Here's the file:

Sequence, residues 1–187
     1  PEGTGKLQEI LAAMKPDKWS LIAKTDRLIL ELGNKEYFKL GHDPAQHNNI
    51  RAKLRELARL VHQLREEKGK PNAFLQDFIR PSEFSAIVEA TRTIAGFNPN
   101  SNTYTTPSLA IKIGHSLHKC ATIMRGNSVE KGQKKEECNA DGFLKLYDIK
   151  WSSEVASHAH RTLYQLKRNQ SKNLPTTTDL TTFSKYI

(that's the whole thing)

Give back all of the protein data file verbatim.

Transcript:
Sequence, residues 1–187
     1  PEGTGKLQEI LAAMKPDKWS LIAKTDRLIL ELGNKEYFKL GHDPAQHNNI
    51  RAKLRELARL VHQLREEKGK PNAFLQDFIR PSEFSAIVEA TRTIAGFNPN
   101  SNTYTTPSLA IKIGHSLHKC ATIMRGNSVE KGQKKEECNA DGFLKLYDIK
   151  WSSEVASHAH RTLYQLKRNQ SKNLPTTTDL TTFSKYI